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Abstract: Do cytosine guanine dinucleotide (CpG) fragments induce vasoactive neuropeptide mediated fatigue-related autoimmune disorders?

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Med Hypotheses. 2005;65(2):370-3.

Staines DR.

Gold Coast Public Health Unit, 10-12 Young Street, Southport 4215, Qld., Australia.

Autoimmune dysfunction of certain vasoactive neuropeptides (e.g., vasoactive intestinal peptide, pituitary adenylate cyclase activating polypeptide) may be implicated in a range of disorders associated with fatigue-like states (chronic fatigue syndrome, Gulf War syndrome) and even sudden infant death syndrome (SIDS). The important roles of these vasoactive neuropeptides make them a vulnerable target for autoimmune dysfunction. They are known to be associated with heat shock proteins for intracellular functioning with which they may form immunostimulating complexes.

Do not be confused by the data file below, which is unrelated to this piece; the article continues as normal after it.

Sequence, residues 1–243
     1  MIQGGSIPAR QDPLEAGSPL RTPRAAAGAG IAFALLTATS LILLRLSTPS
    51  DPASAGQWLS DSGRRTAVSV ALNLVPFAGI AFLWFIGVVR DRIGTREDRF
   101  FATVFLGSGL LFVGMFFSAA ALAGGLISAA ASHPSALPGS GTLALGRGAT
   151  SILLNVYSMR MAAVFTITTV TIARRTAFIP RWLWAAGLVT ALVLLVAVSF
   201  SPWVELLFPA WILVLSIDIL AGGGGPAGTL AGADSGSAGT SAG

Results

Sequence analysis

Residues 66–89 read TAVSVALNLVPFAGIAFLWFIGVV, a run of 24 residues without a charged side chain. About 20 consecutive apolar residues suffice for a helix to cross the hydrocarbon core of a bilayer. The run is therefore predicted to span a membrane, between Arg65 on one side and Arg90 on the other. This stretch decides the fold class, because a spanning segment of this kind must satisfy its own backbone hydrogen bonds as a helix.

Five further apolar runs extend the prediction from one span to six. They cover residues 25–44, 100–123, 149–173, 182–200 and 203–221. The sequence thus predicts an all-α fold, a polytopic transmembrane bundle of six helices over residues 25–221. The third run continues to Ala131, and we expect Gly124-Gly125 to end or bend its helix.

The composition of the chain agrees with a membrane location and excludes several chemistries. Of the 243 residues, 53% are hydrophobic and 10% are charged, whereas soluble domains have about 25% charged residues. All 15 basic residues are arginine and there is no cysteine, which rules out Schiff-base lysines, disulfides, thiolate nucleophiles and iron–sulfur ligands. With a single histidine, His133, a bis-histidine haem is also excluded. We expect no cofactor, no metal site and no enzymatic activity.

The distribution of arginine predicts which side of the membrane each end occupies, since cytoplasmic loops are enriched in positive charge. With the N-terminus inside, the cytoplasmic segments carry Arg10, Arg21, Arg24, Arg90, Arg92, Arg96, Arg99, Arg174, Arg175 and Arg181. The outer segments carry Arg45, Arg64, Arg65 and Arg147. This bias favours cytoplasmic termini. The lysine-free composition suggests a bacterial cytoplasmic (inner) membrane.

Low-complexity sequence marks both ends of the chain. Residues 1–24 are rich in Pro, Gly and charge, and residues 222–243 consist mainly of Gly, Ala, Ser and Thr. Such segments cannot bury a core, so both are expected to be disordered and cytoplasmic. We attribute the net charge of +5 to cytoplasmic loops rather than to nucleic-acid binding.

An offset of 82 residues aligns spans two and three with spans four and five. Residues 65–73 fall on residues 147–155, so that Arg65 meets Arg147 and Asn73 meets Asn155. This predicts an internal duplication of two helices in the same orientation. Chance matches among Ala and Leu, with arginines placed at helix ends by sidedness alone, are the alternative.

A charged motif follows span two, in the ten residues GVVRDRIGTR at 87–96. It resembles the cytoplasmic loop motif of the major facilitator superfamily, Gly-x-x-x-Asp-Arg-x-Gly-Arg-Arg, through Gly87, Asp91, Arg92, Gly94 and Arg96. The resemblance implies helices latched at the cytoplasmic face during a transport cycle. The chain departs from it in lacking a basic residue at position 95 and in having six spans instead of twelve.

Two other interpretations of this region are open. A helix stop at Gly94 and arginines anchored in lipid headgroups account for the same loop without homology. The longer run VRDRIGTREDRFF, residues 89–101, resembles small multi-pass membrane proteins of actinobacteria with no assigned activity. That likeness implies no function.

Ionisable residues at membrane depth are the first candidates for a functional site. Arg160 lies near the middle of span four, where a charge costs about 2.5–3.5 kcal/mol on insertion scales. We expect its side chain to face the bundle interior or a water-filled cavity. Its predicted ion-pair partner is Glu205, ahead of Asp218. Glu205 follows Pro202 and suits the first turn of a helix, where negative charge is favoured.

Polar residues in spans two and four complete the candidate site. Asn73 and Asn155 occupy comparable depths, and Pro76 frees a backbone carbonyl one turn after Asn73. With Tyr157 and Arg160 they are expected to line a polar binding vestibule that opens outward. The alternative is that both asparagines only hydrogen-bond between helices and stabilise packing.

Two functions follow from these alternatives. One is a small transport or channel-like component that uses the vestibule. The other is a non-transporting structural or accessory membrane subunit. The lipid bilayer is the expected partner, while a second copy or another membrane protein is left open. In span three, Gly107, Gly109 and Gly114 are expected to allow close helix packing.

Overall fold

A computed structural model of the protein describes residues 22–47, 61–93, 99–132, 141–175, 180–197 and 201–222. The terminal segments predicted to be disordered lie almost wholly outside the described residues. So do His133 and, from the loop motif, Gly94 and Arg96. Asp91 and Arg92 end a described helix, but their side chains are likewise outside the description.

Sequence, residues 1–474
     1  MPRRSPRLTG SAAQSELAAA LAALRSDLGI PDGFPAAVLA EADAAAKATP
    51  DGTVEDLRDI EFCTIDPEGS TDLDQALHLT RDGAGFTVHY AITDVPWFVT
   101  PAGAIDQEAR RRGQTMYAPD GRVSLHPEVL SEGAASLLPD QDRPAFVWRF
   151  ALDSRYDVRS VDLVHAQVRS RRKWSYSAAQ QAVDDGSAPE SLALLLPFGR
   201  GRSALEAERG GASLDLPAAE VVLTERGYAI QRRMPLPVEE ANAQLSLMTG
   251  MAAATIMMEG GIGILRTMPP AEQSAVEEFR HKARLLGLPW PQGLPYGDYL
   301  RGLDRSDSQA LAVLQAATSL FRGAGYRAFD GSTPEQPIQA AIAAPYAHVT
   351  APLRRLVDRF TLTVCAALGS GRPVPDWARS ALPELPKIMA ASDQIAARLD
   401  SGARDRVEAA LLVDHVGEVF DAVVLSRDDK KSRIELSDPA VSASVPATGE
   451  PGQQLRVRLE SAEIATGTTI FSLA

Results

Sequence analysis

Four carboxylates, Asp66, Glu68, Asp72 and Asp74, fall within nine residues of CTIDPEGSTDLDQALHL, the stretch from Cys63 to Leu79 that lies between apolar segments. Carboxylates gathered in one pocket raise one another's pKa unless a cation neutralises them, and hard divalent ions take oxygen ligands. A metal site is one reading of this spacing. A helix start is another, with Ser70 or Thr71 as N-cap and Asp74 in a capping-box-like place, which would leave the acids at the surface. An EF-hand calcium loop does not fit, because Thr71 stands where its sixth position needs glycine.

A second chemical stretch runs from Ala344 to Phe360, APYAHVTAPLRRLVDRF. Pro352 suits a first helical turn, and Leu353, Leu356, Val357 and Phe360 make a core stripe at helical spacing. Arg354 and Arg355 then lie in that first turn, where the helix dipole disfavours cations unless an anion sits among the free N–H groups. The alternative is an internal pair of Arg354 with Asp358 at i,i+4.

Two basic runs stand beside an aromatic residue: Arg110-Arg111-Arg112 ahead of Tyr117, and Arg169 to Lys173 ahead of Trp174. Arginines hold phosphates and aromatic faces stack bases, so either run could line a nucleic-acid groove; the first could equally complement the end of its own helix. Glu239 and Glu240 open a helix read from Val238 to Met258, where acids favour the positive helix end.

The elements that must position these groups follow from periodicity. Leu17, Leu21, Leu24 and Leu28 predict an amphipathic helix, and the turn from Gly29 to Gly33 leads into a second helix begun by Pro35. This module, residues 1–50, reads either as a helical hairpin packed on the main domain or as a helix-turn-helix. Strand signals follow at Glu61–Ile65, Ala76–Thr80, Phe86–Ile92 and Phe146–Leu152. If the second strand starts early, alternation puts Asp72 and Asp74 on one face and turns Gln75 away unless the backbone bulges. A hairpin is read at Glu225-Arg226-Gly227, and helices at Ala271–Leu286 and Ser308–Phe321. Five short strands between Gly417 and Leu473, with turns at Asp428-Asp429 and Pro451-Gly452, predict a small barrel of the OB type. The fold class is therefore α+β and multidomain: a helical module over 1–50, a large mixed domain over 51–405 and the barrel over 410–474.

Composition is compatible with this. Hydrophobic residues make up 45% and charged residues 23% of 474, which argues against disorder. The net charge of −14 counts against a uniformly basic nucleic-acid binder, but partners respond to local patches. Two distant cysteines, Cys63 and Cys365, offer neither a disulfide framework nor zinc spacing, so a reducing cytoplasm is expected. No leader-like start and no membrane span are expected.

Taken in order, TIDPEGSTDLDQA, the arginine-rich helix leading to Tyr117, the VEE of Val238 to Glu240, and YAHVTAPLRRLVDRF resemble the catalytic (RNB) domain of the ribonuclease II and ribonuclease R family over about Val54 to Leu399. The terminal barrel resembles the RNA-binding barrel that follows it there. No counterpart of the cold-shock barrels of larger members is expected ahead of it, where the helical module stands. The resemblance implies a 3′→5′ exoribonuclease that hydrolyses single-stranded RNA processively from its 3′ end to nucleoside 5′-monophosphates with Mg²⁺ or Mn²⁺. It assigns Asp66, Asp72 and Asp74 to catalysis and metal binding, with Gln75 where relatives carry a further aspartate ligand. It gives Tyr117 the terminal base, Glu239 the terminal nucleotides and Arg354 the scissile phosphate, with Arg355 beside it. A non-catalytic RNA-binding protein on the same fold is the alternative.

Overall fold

Cytosine guanine dinucleotide (CpG) fragments are potently immunogenic DNA fragments which serve as friend or foe recognition systems between bacterial (hypomethylated) and mammalian (methylated) DNA and are being assessed for suitability for use in human vaccines as adjuvants. Interactions between CpG fragments, heat shock proteins and vasoactive neuropeptides may be associated with fatigue-related autoimmune conditions.

PMID: 15922114 [PubMed – in process]

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